Topics: Death, Voluntary euthanasia, Core issues in ethics Pages: 1 (371 words) Published: January 29, 2014

January 16,2014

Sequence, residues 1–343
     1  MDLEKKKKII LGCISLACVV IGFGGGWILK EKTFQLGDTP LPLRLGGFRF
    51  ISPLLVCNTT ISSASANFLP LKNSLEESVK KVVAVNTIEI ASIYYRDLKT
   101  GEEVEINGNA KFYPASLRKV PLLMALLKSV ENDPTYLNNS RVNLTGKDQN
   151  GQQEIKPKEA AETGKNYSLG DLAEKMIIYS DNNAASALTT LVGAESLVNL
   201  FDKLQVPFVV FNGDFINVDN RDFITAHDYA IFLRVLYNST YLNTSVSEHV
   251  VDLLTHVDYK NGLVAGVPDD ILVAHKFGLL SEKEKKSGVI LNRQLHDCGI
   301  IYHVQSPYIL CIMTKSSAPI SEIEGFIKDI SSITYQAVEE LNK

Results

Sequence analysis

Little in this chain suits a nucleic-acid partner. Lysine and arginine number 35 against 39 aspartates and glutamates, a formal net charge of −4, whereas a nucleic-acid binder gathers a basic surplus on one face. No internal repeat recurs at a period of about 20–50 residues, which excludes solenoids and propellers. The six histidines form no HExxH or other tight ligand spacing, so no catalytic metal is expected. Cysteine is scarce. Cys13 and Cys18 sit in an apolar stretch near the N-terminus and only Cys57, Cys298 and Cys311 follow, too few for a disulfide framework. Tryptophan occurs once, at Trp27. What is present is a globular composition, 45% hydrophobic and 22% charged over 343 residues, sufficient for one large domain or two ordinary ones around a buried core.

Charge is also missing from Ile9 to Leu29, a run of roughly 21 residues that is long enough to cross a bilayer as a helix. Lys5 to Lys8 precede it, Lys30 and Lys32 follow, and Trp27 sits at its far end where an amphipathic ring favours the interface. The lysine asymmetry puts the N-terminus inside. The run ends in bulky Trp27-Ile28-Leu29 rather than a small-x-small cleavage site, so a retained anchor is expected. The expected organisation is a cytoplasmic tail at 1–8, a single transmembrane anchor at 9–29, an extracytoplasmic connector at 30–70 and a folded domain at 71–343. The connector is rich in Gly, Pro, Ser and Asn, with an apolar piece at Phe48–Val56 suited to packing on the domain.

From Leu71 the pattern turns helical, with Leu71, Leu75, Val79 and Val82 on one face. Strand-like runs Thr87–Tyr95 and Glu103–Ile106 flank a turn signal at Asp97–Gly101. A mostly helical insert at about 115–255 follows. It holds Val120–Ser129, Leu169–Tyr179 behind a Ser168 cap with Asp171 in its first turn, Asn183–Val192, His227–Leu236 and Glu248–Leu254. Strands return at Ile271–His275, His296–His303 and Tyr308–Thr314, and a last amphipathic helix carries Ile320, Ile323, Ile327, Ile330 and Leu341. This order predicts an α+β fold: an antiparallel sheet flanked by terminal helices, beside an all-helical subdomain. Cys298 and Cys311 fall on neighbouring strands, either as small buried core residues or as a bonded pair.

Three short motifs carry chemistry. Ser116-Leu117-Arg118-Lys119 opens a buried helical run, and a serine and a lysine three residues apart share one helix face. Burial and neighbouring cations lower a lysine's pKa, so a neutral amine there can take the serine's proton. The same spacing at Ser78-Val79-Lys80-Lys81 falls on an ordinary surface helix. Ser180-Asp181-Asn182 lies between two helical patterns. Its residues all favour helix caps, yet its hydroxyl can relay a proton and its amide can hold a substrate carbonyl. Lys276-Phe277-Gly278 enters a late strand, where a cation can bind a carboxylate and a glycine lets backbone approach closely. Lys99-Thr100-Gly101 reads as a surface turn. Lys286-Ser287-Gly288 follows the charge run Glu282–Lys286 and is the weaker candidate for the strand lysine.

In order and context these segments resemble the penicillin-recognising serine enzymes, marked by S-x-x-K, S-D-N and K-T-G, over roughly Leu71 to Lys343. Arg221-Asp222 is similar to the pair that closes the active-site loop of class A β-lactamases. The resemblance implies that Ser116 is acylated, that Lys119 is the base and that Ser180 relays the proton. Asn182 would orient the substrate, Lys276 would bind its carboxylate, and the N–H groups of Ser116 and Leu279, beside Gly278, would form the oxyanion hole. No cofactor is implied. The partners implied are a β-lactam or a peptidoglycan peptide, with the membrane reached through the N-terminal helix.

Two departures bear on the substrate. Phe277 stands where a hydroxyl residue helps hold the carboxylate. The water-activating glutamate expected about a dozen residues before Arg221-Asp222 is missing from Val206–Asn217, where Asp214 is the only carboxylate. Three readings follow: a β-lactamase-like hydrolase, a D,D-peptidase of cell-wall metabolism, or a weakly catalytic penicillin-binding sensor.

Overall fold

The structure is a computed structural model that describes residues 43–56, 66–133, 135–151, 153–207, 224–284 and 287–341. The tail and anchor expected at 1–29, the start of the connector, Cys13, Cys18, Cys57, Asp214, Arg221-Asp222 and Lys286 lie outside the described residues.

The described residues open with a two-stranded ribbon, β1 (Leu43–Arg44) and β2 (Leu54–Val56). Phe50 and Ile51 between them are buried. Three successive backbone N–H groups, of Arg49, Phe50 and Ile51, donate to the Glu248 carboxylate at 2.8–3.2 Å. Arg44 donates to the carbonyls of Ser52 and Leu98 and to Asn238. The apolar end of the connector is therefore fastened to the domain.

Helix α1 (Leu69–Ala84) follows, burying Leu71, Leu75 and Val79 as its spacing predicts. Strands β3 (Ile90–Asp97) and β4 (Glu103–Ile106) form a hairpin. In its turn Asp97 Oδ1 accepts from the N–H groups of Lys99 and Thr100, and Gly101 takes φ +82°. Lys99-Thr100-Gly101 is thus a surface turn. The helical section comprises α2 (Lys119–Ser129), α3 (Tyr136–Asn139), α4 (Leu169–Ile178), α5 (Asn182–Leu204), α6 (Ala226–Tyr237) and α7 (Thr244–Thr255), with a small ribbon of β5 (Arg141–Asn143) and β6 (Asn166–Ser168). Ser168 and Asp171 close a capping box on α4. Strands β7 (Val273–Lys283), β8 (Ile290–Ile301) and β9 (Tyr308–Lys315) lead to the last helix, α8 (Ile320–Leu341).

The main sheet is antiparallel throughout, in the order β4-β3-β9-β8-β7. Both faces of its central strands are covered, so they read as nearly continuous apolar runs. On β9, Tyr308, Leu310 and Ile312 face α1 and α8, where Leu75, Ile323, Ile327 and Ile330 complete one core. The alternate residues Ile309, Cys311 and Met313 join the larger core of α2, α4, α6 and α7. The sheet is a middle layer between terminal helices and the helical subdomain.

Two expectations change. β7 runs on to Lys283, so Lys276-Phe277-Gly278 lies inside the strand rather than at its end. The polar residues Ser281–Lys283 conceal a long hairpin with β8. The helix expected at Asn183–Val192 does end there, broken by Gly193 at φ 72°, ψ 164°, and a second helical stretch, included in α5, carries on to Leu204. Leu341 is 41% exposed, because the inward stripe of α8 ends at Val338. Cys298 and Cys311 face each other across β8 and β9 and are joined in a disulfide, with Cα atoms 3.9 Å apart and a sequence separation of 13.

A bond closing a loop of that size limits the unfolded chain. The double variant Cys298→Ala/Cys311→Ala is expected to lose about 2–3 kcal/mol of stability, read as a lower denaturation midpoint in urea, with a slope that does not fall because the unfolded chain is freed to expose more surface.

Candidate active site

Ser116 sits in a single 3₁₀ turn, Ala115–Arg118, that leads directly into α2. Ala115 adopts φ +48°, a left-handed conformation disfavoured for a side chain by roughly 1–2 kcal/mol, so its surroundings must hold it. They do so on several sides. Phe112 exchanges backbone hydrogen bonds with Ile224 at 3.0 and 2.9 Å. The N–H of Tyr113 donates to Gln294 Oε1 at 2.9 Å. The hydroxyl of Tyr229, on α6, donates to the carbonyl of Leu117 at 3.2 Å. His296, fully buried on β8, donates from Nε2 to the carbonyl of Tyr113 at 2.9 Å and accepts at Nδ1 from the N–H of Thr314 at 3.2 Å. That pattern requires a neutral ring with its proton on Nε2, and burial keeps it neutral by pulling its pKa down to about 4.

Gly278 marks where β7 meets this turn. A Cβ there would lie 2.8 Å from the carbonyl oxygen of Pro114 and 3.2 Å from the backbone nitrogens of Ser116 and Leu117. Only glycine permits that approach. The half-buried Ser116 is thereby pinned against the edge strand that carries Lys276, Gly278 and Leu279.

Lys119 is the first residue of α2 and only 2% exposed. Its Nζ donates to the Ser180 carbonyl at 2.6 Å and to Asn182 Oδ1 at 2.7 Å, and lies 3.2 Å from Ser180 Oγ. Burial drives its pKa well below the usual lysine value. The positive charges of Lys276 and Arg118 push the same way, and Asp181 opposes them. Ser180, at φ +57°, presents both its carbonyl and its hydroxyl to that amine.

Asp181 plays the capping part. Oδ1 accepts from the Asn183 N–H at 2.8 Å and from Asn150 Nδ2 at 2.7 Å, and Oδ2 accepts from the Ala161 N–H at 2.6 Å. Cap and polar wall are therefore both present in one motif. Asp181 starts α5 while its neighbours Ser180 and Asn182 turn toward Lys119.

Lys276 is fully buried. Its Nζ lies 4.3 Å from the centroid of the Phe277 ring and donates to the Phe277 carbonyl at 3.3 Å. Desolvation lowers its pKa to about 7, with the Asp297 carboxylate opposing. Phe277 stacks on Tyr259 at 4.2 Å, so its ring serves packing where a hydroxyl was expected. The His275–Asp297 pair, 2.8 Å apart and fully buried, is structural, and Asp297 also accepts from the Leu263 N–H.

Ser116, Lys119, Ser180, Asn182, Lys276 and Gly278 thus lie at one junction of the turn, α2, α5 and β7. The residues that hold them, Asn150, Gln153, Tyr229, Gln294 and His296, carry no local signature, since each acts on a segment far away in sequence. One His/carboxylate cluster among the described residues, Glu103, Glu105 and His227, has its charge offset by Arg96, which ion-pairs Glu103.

Imagine that your mother is in the hospital and she can barely speak, but when she does she says that she wants the pain to stop. She said that she wants you to pull the plug on her. What should you do? Should you give her what she wants? Or do you want to try to get her better even when she won't walk or stand again? Some people think that euthanasia is wrong, but for some people who are in pain euthanasia is the only answer.Euthanasia is good in so many ways. Most people want to live their life with dignity and die with dignity. People make important choices and decisions throughout their life. Some of these decisions are very difficult and even life changing. We live in a democratic society where we are free to make these decisions. Death is an inevitable event and happens to everyone. Death can be quick or it can make their love ones suffer miserably.Some people become very ill or have devastating physical problems they must deal with daily.These people are suffering in pain and agony.They have a constitutional right to refuse treatment. Most patients trust in their doctor to help them deal with their illness. As their suffering increases, their self-respect decreases. A person should have the freedom to end their life if they are mentally capable and tired of suffering everyday.Euthanasia is the practice of mercifully ending a person's life in order to free someone from a deadly disease.The word euthanasia comes from the Greek word "good death."For years, doctors have been banned from helping patients end their life. Dr. Jack Kevorkian was the first known doctor to help people escape all the suffering. He told reporters, "I believe that anti-euthanasia means pro-torture" (Whales).He was sentenced to over 60 years for his efforts and eventually all his charges were dropped. He saw no use in making someone suffer. Like Kevorkian, Rebman thinks, "The right to a good death is a basic human freedom. The Supreme Court's decision to...
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